Maybe that's why they're so terrified of the idea of people speaking Spanish: they haven't really mastered English yet.

Sunday, June 21, 2009

Fatherhood Is Not For Wimps

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Today, in case you'd forgotten, is Father's Day.

On such a day, of course, I think of my own dad, and I'd like to take this opportunity to thank him for all the things he's done and for putting up with me for as long as he has.

Father's Day, however, also makes me reflect on the 17-plus years that I've been a father.

I look back on the births of my son and my daughter, and I can't help but think, "Dear Lord, whatever made me think I was qualified for this?" I was so not ready. But I like to think I've learned a few things over the years. And because I am, at heart, an educator, I'll share some of those lessons with you new fathers out there.

Modern parenting theory requires that the father ­actually be present in the delivery room at the time of birth. It does not, however, allow the father to bring a fifth of whiskey into the room with him. It's unfair, but it's not the most unfair thing you'll experience as a father.

Just keep one thing in mind: If something is going on with your significant other and the doctor tells you "don't look," DON'T LOOK. There are things that go on in a delivery room that make "Kill Bill" look like "Heidi."

A baby can cry at an impressive volume for an even more impressive time. This will cause you, at some point, to consider throwing said child out the window. This desire is normal. I'm not saying it's OK to do it, mind you, but don't think you're a freak for feeling it.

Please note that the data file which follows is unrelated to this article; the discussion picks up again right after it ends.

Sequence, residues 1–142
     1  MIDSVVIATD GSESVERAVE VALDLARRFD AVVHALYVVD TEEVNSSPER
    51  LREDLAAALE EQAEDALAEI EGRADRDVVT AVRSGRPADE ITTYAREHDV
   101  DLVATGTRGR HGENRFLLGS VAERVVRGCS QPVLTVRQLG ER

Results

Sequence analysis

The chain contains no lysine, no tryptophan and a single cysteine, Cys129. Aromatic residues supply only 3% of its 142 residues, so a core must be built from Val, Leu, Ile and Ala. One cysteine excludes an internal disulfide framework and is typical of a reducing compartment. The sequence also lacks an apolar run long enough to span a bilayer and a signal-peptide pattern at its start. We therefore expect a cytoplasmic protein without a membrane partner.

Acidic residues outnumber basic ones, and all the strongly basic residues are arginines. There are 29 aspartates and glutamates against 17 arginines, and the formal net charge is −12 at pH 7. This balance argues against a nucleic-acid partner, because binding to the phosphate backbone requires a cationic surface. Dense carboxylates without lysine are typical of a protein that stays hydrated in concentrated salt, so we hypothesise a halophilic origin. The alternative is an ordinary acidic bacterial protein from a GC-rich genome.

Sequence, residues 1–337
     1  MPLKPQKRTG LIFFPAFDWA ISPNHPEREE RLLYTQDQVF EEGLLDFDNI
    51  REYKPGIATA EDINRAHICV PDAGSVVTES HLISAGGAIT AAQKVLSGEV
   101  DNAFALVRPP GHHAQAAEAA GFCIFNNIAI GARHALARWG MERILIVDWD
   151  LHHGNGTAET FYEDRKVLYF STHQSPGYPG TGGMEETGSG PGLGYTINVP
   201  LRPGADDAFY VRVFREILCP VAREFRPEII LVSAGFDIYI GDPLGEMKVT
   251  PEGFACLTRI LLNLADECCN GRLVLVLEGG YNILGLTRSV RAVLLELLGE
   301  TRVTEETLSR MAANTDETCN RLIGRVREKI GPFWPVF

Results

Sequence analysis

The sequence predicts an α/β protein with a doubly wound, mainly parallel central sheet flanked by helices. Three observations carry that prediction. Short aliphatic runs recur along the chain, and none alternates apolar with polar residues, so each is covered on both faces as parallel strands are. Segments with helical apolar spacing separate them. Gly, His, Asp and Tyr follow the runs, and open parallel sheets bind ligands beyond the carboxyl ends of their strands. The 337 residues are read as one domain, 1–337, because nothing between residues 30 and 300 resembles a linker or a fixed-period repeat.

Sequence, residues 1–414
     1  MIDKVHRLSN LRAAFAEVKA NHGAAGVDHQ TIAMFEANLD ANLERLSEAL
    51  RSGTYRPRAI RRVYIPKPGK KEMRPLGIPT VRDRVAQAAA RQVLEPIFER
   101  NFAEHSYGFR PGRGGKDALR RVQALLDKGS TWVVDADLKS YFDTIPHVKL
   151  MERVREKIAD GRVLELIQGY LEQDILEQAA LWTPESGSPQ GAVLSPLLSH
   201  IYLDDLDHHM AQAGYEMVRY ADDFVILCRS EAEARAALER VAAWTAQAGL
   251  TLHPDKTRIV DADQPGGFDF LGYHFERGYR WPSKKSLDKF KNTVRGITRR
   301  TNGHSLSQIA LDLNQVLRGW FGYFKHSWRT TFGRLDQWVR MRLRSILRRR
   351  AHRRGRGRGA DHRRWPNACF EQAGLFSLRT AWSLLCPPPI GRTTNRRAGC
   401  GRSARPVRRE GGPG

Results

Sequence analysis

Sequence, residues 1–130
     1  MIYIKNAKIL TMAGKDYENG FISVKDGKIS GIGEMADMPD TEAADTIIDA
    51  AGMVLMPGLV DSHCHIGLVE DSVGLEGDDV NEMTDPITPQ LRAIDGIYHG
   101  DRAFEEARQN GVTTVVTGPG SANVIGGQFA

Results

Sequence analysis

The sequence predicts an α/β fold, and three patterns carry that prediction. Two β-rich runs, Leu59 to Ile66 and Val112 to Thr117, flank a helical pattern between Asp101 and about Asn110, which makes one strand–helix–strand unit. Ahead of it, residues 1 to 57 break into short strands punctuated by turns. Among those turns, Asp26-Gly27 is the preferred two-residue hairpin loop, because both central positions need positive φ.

Here's a trick you may want to try: Put the ­little tyke in his or her car seat, then put the car seat on top of the dryer while it's running. It's like taking them for a ride in the car (another thing that always seems to calm the little ­shriekers down), but you don't waste as much gas and you don't run the risk of being pulled over in your pajamas at 3 o'clock in the morning. But be careful and keep your eye on the seat so it doesn't vibrate off the dryer. Those things supposedly can withstand quite an impact, but there's no need to test it out.

If you're asked to go get an infant up in the morning to take him somewhere, such as day care, it's probably best that you not suddenly pick said infant up out of the crib, hold him at arms length and say in a loud voice, "It's time to get up!" It's pretty funny until he starts screaming, which is, unfortunately, almost instantly.

That last piece of advice, by the way, was inserted at the insistence of my wife, who apparently intends to never let me live that particular incident down.

The larger lesson to be learned here is that babies and grownups don't think the same things are funny. I'm only mildly amused by jingling keys; a baby thinks they're funnier than Jay Leno, The Three Stooges and the Marx Brothers combined.

For a toddler, sugar equals crack. Trust me on this. Look at the signs of crack cocaine use: Excitability, rapid speech, agitation, ­aggression, dilated pupils.Then give a 3-year-old a chocolate bar. See if you don't agree. If you wouldn't give a kid a pipe and a rock in a particular situation, you should seriously ­consider not giving him or her candy in the same situation.

There's an old adage that you can determine the collective IQ of a group by taking the IQ of the stupidest member of the group and ­dividing it by the number of people in the group. Nowhere is this more apparent than in a group of boys. But, God, they can be funny.

Which leads us to the No. 1 lesson fatherhood has taught me: Keep your sense of humor. Believe me, you're going to need it.

And enjoy the day.